Beginners Guide to Conference Attendance

The ability to attend a conference can be incredibly exciting while your actual presence can feel a bit aimless and harried.  I am on day two of a grand assembly and realize that the only tangible things I am walking away with are the swag giveaways.  I am really excited about this steel water bottle!

I know that there are a lot of overachievers who showcase their stacks of business cards and tout the “connections” they’ve made at the end of a convening.  Gold star for you. I, on the other hand, cannot remember the last time I made a connection at a conference that translated into a productive, professional relationship.

I’m not advocating you abandon the traditional benefits associated with attendance. Not at all. In fact, here’s an article about unlocking the power of conference attendance. In addition to this wisdom, however, I am offering a few assemblage ready, non-conventional professional development activities.

1. Develop and practice your elevator speech.

Take every opportunity to sit with and engage new people. Why? Because you will respond to the “What do you do” question a million times. No, that’s not silly; it’s practice time. Don’t just respond to the question with your current title or where you work; tell them who you want to be.

Listen to how other people introduce themselves and modify your speech for each introduction. By the end of a two-day conference, you should have refined your introduction and be ready to use it during your next interview.

Conference Lunch2. Networking

This isn’t the “use this time to expand your network” advice. Instead, use your time to conduct many “mini” informational interviews.  Conferences attendees are at various stages of their career and attendees represent a very broad knowledge base. Develop a few questions general enough to break the awkward silence inevitable at a lunch table full of strangers.  Take the time to ask about their career path and develop a model for yourself.

Don’t forget to listen for keywords common in your field today as well as phrases and efforts and that is on the cutting edge.

3. Grow your social media presence

This is pretty simple. Use the conference hashtag on every platform that you are on and recognizes hashtags. Scratch that, use the conference hashtag on every platform that is appropriate and recognizes hashtags. During a conference, I tweet and post quotes from keynote speakers, deep thoughts from workshop leaders, and of course photos using the hashtag and 90% of the time I get retweets from conference leaders and participants.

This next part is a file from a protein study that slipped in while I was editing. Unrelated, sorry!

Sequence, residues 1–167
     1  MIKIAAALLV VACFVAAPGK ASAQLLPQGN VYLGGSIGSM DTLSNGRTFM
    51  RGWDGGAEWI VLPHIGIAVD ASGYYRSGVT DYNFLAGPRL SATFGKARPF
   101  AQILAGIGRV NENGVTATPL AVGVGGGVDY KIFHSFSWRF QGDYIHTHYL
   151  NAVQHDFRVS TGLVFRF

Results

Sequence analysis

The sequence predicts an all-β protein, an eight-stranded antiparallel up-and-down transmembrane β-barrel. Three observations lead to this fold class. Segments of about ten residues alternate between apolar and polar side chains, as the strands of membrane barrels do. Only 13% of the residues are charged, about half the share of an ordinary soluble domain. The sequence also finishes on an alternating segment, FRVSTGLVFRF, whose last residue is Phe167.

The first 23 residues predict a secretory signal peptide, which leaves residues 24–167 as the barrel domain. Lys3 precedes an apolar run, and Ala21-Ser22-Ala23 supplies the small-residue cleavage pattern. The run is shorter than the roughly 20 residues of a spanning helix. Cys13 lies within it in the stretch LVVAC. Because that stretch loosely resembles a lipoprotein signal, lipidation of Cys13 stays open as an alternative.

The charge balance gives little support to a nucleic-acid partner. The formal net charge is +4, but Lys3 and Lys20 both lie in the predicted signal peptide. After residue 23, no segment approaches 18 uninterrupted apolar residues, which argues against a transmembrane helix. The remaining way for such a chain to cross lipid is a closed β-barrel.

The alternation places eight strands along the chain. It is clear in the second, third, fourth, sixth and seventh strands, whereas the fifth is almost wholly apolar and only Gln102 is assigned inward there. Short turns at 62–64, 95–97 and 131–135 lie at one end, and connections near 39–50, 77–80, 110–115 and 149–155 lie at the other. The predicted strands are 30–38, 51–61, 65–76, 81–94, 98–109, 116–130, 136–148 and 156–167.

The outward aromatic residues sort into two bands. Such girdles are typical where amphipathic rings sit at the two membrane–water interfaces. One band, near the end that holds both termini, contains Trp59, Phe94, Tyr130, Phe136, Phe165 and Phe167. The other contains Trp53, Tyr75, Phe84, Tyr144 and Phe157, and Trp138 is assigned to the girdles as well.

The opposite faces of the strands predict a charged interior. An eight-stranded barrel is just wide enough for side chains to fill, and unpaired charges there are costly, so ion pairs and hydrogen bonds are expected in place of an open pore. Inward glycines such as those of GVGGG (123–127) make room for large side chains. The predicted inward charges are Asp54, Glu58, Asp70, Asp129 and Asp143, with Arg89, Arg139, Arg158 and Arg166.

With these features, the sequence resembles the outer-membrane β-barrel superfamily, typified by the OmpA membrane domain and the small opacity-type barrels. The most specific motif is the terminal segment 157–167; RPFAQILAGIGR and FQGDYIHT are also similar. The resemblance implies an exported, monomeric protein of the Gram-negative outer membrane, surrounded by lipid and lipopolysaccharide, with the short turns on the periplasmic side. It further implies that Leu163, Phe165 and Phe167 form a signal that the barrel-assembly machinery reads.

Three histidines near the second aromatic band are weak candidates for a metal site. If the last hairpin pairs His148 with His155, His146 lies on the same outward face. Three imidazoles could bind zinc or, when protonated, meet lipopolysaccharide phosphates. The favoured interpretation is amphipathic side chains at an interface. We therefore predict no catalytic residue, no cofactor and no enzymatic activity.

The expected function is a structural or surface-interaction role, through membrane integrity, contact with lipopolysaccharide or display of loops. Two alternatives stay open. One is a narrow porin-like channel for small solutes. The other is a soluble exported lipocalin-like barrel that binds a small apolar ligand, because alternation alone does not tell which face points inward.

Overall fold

This is a good way to publically align yourself with issues that you care about and the field that you are in or looking to enter.

Remember, even the most captivating conference provides time to think and focus on something else. Why not focus on you?



PURPOSE is the new passion

Purpose is the new PassionThere is universal agreement that the word “passion” is highly overused in professional settings. It needs to be retired.

That word should have been tossed in the wastebasket years ago but seems to continue to land in recycle. It comes back to haunt hiring managers, job seekers, recruiters, and everyone year after year.

In a purely selfish attempt to prevent me from reading one more cover letter explaining someone’s passion for working on programs; might I suggest the word “purpose”.

I know, you like that right? But wait, don’t just go through your documents and replace one word with the other.

Replacing passion with purpose requires a little more work on your part.
You need to ask yourself “What motivates me?” “What inspires me?” “What type of work will engage me and spark my A game most of the time?”

Please do not misunderstand, walking a purposeful path does not mean you will avoid every frustration that naturally comes along with work. It will, however, better align the personal and professional and minimize feelings of discontent.

Move toward a purposeful existence. Examine what you are doing and determine if it makes your heart smile in some way. If not, don’t be afraid to change direction.

Reconnect with references in the new year


If you can not easily think of three people to use as professional references now is a great time to strengthen those connections. If you have not offered a “Happy New Year” to past supervisors and colleagues do it today.

Take the opportunity to discuss your career aspirations for this year and how they may be of assistance.

Do not forget to offer assistance with their goals and actually follow through if you are asked to do something.